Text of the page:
Unlocking the Secrets of Superagers

Unlocking the Secrets of Superagers

By Heidi Reidel

Entering into old age is a daunting idea for many, often because of the fear that one might lose one’s cognitive functions and treasured memories. Over five million Americans are living with Alzheimer’s, according to alz.org, the website for the Alzheimer’s Association. Alzheimer’s and other forms of dementia are painful and frustrating for those affected by it, and yet there are those whose brains manage to escape the ravages of time. These lucky ones are called “superagers.”

Superagers are elderly people whose brains’ function as well as if not better than the brains of those still in their youth. The secret of their ability to “age successfully” is the subject of scrutiny, as the key to their success could provide the cure to Alzheimer’s and allow many elderly people to live more functional, independent lives.

Think Thick

A study published in the Journal of Neuroscience performed brain scans on adults between the ages of 60 and 80 and adults between the ages of 18 and 32. The superagers in the study were defined as those who performed as well as if not better than their younger counterparts on the California Verbal Learning Test Long Delay Free Recall test. The study revealed that the brains of superagers were indistinguishable from those of young adults. The cerebral cortex of the superagers was thicker than their peers and the volume of their hippocampus was preserved. Superagers did not show the same patterns of brain atrophy as those who age regularly, particularly in the default mode network- which controls memory encoding, storage, and retrieval- and the salience network- associated with attention and executive processes involved in encoding and retrieval.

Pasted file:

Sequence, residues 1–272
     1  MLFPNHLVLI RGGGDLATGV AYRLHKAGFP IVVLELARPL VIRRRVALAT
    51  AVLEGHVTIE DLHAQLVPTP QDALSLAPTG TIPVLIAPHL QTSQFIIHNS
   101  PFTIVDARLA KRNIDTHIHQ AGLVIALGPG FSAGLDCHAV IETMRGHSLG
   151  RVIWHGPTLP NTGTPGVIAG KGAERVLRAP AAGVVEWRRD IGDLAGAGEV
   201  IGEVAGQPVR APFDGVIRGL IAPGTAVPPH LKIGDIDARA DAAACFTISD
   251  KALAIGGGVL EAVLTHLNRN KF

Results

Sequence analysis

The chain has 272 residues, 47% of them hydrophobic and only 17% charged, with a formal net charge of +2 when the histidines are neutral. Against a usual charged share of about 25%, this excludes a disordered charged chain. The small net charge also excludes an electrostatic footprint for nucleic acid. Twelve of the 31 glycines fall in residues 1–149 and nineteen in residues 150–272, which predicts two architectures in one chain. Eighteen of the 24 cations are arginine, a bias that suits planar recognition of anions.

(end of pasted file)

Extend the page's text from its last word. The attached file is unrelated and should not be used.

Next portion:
Unaffected by Alzheimer’s

In another study, presented by Changiz Geula of Northwestern University Feinberg School of Medicine, it was discovered that superagers can have the amyloid plaques related to Alzheimer’s in their brains and still remain unaffected by the symptoms of the disease. Geula and his colleagues examined the brains of eight superagers and discovered that three of them contained widespread plaques and tangles characteristic of Alzheimer’s. When the researchers examined the neurons of the superagers’ brains, however, they were well preserved compared to the brain of one who exhibits the typical symptoms of Alzheimer’s.

What is the Secret of Superagers?

The question now is: what is to be done with this information so others may harness the ability of superagers to preserve these parts of their brains? As yet, there is no medicine that can thicken the cerebral cortex or preserve neurons. A five-year study funded by the National Institutes of Health is attempting to uncover the reason superagers age so successfully. Though genetics could certainly be the answer, neuropsychologist David Lowenstein has noticed a correlation between work, exercise, Mediterranean diet, cognitive stimulation, social connections, and socioeconomic status on brain health. A study conducted at Massachusetts General Hospital suggests that it is not enough to practice mental and physical exercise, the exercise must be somewhat grueling. Superagers tend to push through the discomfort of physical and mental exertion. The tendency to avoid mental and physical discomfort causes brain tissue to thin from disuse.

Certainly many individuals who suffer from memory loss as they age have led healthy, active, stimulating lives, and genetics and socioeconomic status are more or less beyond a person’s control. Further study will potentially produce more satisfying answers. Though there are still few concrete conclusions to be drawn from superagers, deeper research will hopefully one day unlock the cure to Alzheimer’s and dementia.

Image courtesy of pixabay.com

Never miss an insight

Get insights delivered right to your inbox

More of Our Insights & Work

Never miss an insight

Get insights delivered right to your inbox

You have successfully subscribed to our newsletter.

Too many subscribe attempts for this email address.